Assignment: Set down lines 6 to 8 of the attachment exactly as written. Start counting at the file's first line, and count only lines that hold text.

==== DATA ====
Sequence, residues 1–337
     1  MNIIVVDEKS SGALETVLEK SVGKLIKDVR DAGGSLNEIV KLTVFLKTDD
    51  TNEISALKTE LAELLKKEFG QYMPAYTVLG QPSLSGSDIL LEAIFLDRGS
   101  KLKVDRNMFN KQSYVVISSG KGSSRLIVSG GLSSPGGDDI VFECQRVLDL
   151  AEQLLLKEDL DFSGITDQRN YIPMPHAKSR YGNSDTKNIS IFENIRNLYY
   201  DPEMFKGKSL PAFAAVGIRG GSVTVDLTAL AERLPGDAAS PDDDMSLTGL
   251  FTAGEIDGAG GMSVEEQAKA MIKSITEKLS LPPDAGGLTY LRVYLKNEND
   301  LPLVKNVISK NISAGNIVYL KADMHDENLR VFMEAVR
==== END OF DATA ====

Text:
   201  DPEMFKGKSL PAFAAVGIRG GSVTVDLTAL AERLPGDAAS PDDDMSLTGL
   251  FTAGEIDGAG GMSVEEQAKA MIKSITEKLS LPPDAGGLTY LRVYLKNEND
   301  LPLVKNVISK NISAGNIVYL KADMHDENLR VFMEAVR